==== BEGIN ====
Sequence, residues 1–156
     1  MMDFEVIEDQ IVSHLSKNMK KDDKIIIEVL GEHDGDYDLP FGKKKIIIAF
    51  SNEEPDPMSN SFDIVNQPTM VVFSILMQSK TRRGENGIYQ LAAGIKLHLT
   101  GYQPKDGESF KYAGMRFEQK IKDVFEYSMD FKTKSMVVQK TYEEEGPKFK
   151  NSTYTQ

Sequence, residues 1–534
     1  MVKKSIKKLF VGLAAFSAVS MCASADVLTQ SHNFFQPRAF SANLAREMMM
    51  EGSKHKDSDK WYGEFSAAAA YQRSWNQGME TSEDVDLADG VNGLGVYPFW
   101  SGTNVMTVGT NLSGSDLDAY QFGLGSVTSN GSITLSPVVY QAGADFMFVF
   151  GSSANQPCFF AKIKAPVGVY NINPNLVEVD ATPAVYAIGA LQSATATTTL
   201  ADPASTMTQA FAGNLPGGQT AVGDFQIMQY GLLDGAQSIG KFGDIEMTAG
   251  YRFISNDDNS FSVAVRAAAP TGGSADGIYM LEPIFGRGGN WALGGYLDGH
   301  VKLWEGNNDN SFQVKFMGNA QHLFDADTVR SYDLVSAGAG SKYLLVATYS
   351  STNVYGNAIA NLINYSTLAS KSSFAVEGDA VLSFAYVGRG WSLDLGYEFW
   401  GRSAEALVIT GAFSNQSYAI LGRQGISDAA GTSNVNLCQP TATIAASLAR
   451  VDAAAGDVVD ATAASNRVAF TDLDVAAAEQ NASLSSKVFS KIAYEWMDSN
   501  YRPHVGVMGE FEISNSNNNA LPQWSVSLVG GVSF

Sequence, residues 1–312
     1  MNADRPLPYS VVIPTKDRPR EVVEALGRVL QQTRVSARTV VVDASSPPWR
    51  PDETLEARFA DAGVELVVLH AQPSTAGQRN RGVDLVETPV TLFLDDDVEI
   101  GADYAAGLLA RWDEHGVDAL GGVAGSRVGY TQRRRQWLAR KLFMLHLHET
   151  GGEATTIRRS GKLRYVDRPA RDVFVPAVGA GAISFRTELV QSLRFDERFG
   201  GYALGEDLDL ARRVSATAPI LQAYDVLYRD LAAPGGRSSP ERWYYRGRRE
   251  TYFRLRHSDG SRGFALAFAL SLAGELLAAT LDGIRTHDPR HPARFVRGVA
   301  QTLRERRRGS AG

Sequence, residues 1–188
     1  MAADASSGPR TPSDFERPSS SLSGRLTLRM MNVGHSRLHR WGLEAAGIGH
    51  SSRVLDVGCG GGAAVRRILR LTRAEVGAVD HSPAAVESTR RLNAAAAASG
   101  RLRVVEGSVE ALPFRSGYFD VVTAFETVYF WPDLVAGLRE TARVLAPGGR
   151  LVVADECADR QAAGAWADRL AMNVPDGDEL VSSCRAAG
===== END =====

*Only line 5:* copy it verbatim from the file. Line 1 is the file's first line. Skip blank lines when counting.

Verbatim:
   151  NSTYTQ